• An EDC may be metabolized into different subproducts with different properties.
  • Balance between estrogenic and androgenic properties of EDCs may be significant because reproduction in both sexes involves an interplay of androgens and estrogens.
mechanisms of endocrine disruption1
Mechanisms of Endocrine Disruption
  • Many organs are targeted by sex steroids and vulnerable to endocrine disruption.
    • Hypothalamic-pituitary-gonadal system
    • Breast
    • Uterus
    • Cervix
    • Vagina
    • Brain
    • Bone, muscle and skin

In addition, reproductive dysfunction can result from thyroid disruption

clinical impacts on female reproduction
Clinical Impacts on Female reproduction
  • Interference with development and function of the female reproductive tract can predispose women to:
      • Infertility
      • Ectopic gestation
      • Poor pregnancy outcomes
      • Endometriosis
      • Uterine fibroids
      • Altered anatomy and functionality
edcs linked to cancer
EDCs linked to cancer?
  • Hypothesized that the significant increase of breast cancer in the industrialized world in the last 50 years may be due to exposure to hormonally active chemicals.
  • Similar increase in incidence of testicular cancer, male genital tract abnormalities, and decrease in sperm quantity/quality suggest a link to the introduction of these chemicals into the environment.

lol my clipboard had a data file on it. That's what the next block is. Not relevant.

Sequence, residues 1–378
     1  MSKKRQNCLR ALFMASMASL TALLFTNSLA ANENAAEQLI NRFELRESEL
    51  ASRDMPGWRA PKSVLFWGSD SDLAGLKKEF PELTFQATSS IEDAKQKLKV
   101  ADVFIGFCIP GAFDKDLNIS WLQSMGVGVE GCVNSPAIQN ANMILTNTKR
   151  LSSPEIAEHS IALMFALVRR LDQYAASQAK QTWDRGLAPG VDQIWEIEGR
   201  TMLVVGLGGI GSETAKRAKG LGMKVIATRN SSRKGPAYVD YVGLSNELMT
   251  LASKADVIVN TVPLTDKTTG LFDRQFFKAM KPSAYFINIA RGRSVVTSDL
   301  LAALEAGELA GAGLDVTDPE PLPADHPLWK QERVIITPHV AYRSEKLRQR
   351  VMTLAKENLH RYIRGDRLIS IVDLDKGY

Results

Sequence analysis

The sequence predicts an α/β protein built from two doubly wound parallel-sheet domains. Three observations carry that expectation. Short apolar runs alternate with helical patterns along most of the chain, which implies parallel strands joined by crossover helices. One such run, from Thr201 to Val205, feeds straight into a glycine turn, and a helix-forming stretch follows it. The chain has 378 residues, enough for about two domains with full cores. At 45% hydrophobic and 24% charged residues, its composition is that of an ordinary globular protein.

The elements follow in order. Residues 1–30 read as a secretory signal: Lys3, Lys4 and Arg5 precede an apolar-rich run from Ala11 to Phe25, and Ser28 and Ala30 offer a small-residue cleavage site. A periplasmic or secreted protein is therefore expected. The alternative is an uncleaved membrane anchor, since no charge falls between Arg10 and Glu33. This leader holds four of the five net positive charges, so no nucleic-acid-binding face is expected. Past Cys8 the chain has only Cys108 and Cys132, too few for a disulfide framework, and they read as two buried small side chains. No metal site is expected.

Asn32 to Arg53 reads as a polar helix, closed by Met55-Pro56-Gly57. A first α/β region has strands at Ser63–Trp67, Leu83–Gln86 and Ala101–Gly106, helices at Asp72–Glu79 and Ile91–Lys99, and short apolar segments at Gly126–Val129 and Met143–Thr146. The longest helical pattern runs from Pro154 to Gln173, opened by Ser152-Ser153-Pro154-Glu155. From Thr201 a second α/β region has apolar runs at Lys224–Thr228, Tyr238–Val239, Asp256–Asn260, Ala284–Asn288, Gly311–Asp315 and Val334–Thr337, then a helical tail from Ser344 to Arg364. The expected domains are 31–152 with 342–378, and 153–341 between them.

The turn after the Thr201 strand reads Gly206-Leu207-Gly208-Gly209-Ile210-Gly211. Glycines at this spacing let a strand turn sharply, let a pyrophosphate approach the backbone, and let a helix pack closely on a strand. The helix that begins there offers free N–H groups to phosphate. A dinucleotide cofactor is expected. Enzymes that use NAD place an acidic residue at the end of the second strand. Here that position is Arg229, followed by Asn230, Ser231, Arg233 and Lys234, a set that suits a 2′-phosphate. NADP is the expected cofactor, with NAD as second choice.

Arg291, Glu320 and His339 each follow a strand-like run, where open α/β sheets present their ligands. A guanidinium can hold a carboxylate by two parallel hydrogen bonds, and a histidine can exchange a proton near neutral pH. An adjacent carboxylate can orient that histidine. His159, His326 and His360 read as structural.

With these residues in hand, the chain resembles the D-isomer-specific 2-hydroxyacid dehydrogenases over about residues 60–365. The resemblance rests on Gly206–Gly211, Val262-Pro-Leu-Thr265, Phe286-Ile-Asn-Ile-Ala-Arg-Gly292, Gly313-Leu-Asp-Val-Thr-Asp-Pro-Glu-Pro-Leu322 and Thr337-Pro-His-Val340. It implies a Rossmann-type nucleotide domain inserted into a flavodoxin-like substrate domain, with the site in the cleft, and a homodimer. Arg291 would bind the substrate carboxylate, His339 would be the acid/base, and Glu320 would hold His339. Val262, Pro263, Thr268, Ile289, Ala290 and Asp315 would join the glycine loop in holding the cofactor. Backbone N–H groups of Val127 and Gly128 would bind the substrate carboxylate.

neuroendocrine system
Neuroendocrine System
  • Interface between Nervous and Endocrine systems
  • Controls diverse functions, such as reproduction, stress, growth, lactation, metabolism and energy balance, osmoregulation, other homeostatic regulators
  • Mediates ability of organism to respond to environment through rapid (neuronal) and more sustained (endocrine) responses
neuroendocrine system1
Neuroendocrine System
  • Neuroendocrine cells in brain have both neuronal and endocrine properties
  • As a result, EDCs can have neurobiological and neurotoxic effects along with endocrine effects
  • Several levels of organization: the brain (hypothalamus), the pituitary gland, and a target organ
  • The reproductive Hypothalamus-Pituitary-Gonad (HPG) connection is the best studied in the area of endocrine disruption
endocrine disruption of reproductive neuroendocrine systems
Endocrine disruption of reproductive neuroendocrine systems
  • Gonadotropin-releasing hormone (GnRH) (also called Luteinizing hormone) is produced in the hypothalamus and drives reproduction throughout the life cycle. It is the primary stimulus to the pituitary and the gonads.
what gnrh does in the body
What GnRH does in the Body
  • GnRH release stimulates gonadotropin release from anterior pituitary
  • Gonadotropin release activates steroidogenesis and gametogenesis in the ovary and testes
  • Steroid hormones produced by the gonad act on target tissues that release estrogen, progestin and/or androgen receptors (AR)
  • Many EDCs interfere with steroid hormone actions
sex steroids control gnrh neurons
Sex steroids control GnRH neurons
  • But GnRH neurons do not have steroid receptors
  • This means that other cells in the brain that do have steroid receptors and that regulate GnRH cells through afferent neural inputs are targets for EDCs
  • Neuronal cells with steroid receptors include those that make neurotransmitters (such as serotonin and dopamine) and can regulate GnRH neurons
  • EDCs have been shown to cause neurotoxicity to these neurons
  • This is evidence of convergence of effects of EDCs on the link between neural and endocrine systems